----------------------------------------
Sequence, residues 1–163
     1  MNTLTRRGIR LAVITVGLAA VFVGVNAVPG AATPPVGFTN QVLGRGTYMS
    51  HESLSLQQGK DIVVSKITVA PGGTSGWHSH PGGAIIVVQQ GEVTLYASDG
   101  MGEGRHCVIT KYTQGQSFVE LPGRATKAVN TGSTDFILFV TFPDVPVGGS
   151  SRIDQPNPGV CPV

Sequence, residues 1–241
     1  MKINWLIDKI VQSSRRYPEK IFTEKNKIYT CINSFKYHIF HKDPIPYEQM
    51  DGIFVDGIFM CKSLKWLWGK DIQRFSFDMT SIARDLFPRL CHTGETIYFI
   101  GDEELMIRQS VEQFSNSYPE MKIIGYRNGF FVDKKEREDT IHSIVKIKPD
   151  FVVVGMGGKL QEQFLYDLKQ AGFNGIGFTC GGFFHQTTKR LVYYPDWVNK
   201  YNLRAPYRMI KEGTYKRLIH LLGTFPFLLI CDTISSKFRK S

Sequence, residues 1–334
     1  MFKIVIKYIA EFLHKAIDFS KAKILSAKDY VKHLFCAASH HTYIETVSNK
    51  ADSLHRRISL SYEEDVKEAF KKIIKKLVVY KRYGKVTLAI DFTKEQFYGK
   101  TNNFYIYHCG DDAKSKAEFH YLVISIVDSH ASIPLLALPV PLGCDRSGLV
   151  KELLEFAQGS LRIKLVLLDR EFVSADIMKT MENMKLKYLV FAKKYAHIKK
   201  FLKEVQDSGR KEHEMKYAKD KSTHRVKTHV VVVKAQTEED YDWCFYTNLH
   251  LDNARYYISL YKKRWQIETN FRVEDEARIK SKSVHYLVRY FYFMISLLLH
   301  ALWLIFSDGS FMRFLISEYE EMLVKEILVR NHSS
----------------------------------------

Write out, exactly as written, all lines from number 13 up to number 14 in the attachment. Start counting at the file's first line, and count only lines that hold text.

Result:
     1  MFKIVIKYIA EFLHKAIDFS KAKILSAKDY VKHLFCAASH HTYIETVSNK
    51  ADSLHRRISL SYEEDVKEAF KKIIKKLVVY KRYGKVTLAI DFTKEQFYGK